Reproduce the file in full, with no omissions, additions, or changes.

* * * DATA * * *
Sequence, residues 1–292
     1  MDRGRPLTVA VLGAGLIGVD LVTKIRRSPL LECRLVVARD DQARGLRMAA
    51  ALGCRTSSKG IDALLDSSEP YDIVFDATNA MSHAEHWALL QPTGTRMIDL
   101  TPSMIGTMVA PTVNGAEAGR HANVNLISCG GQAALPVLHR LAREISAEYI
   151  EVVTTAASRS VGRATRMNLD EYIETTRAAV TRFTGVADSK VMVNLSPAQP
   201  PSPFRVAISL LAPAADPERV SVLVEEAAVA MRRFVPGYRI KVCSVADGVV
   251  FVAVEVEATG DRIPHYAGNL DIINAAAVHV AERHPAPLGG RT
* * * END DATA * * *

Sequence, residues 1–292
     1  MDRGRPLTVA VLGAGLIGVD LVTKIRRSPL LECRLVVARD DQARGLRMAA
    51  ALGCRTSSKG IDALLDSSEP YDIVFDATNA MSHAEHWALL QPTGTRMIDL
   101  TPSMIGTMVA PTVNGAEAGR HANVNLISCG GQAALPVLHR LAREISAEYI
   151  EVVTTAASRS VGRATRMNLD EYIETTRAAV TRFTGVADSK VMVNLSPAQP
   201  PSPFRVAISL LAPAADPERV SVLVEEAAVA MRRFVPGYRI KVCSVADGVV
   251  FVAVEVEATG DRIPHYAGNL DIINAAAVHV AERHPAPLGG RT